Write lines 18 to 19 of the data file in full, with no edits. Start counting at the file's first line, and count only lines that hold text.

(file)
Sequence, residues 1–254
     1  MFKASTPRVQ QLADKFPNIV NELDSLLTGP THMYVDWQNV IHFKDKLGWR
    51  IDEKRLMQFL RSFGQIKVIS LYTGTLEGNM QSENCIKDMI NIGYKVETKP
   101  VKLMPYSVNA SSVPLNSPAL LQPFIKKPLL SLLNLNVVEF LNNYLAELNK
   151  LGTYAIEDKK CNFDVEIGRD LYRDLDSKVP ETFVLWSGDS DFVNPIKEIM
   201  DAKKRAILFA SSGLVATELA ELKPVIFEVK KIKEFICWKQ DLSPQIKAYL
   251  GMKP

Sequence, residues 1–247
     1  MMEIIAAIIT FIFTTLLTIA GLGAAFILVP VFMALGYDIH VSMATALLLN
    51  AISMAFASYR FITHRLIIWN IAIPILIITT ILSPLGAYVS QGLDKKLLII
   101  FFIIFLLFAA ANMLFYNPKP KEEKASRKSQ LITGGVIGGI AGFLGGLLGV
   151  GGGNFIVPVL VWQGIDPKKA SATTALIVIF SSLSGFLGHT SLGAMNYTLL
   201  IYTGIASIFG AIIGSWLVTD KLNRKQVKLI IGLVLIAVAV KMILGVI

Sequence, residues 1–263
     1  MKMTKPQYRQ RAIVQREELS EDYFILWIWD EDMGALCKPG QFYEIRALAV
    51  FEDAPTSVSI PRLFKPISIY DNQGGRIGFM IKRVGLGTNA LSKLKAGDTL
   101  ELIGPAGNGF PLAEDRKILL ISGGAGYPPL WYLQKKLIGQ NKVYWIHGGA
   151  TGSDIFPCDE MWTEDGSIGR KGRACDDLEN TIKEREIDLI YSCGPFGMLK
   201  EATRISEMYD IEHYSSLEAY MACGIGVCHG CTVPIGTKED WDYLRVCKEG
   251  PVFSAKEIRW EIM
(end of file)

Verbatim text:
   151  TGSDIFPCDE MWTEDGSIGR KGRACDDLEN TIKEREIDLI YSCGPFGMLK
   201  EATRISEMYD IEHYSSLEAY MACGIGVCHG CTVPIGTKED WDYLRVCKEG